This entry was posted
by davide.velluto on Friday, December 14th, 2012
and is filed under Gallery.
You can follow any responses to this entry through the RSS 2.0 feed.
Both comments and pings are currently closed.
I also dont want to use an arduino, which is a hobbyist toy which can be useful for prototyping but not much for end user for my heart…. I mean, how easy is it for a wifi shield to come off an arduino….
Interesting. As a heart patient with an ICD (Implanted Cardiac Device, Pacemaker), I definitely wouldn’t want to tinker with any settings, but downloading data would be useful. The hospital equipment is quite spophisticated and allows downloading of data recorded on the device (unusual events, battery lifetime etc.) as well as the ability to change settings. As the device is miplanted, all communication is done either inductively or some form of very short range wireless. I can see that there might be some mileage in remote situations to be able to tinker, but get it wrong at your peril!! PS – it’s not just us old duffers that have to have pacemakers, some kids have them from day one – it’s the luck of the draw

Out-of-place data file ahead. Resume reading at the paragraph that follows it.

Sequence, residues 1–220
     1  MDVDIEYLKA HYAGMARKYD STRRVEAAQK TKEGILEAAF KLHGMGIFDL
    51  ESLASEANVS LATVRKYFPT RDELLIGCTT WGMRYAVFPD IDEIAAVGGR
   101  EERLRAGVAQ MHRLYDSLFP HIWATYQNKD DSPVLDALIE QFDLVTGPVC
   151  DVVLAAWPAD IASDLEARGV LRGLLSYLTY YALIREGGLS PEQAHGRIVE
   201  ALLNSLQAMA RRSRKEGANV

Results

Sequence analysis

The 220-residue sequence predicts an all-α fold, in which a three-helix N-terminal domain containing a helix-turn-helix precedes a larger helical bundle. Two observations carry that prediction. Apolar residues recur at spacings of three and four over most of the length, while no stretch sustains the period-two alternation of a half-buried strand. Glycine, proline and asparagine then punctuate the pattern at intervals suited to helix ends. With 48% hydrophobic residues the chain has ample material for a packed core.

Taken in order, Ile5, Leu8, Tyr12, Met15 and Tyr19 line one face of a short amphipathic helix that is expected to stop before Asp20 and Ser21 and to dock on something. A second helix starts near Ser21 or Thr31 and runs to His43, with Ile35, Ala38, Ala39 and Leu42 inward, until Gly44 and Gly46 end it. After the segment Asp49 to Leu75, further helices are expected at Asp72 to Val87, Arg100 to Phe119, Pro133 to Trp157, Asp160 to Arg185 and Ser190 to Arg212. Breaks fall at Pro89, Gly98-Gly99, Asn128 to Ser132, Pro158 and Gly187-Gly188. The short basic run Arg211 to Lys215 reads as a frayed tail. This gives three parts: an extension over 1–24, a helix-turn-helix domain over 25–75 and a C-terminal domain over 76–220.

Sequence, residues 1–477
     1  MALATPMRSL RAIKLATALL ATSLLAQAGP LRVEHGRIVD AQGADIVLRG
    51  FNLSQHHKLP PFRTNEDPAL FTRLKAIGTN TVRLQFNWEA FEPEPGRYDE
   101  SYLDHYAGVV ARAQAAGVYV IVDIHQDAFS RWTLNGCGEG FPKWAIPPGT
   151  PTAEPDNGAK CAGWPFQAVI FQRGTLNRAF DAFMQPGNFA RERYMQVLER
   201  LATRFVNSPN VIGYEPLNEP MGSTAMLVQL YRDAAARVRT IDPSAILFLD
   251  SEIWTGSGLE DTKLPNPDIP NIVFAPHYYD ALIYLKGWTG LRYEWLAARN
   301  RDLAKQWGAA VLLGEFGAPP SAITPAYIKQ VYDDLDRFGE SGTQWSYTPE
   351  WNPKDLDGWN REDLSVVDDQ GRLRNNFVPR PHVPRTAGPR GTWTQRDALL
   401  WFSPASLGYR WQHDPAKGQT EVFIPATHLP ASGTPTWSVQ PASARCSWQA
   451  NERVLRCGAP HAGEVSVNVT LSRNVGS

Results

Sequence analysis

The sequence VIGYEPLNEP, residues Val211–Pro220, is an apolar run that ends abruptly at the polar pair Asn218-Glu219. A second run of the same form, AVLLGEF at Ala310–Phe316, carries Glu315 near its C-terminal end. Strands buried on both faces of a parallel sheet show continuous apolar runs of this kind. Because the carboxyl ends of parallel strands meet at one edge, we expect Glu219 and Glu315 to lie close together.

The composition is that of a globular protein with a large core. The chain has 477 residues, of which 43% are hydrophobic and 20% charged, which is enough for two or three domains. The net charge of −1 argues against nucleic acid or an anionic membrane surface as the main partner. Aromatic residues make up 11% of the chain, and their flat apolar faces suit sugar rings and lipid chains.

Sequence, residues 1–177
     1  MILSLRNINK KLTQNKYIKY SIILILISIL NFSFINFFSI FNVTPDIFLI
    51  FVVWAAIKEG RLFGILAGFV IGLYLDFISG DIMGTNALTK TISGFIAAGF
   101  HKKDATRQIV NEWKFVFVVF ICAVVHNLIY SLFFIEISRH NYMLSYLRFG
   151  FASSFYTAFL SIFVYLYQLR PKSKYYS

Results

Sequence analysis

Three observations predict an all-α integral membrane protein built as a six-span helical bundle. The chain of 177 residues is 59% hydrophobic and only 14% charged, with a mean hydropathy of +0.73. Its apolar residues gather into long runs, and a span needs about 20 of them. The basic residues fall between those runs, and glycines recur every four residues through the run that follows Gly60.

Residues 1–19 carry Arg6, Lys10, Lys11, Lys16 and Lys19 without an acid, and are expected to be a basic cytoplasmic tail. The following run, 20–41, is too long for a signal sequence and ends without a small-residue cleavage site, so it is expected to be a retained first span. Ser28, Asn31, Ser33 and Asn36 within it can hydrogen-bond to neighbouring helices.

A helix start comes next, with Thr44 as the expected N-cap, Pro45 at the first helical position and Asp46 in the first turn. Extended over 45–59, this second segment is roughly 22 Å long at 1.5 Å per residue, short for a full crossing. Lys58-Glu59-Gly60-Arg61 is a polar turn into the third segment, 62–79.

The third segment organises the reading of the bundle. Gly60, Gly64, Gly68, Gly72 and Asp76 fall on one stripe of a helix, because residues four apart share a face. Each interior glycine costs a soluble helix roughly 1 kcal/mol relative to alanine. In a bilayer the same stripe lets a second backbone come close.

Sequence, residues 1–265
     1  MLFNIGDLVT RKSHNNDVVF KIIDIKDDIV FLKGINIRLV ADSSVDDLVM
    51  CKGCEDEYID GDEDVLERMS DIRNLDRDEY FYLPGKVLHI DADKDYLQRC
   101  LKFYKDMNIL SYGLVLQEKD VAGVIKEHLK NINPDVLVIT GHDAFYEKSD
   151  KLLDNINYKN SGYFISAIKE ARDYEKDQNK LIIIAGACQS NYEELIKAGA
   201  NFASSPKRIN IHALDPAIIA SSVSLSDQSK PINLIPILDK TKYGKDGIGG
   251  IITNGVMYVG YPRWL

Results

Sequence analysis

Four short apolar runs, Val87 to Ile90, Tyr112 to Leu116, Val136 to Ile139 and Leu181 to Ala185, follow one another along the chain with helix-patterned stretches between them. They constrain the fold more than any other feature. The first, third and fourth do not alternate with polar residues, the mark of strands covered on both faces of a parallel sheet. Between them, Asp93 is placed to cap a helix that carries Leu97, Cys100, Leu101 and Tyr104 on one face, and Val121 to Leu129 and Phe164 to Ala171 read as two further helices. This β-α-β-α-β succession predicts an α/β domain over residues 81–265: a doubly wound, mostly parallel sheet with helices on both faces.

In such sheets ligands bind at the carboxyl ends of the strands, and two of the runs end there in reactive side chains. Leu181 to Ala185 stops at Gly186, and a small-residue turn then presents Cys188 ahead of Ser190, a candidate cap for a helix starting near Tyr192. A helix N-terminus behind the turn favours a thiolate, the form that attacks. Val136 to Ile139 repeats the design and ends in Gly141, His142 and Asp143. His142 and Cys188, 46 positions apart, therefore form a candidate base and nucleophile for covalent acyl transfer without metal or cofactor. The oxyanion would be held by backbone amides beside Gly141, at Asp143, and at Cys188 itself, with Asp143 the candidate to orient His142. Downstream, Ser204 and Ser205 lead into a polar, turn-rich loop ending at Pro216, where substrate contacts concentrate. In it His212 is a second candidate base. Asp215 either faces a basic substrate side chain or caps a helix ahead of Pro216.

Interesting.., referred your posted document also.,,there are times when the pacing parameters needs to be changed..after the IMD implant..usually done through wireless programming,,your decision to use wifi there is a good one…you are making use of GSM lso for remote progrmmin na.? so restrict your wifi range for security…and add a feature to download patient status data using your embedded web server…..you are using minimal configuration for your arduino project.,,no? try to use INT clock to minimize circuit…..
Wishing ALL THE BEST for your project ladvine.
Very much Interesting … liked your way of using arduino sketch on a hardware specific for wireless pacemaker (minimal configuration)..,,but try to minimize your project size as much possible using hybrid design…..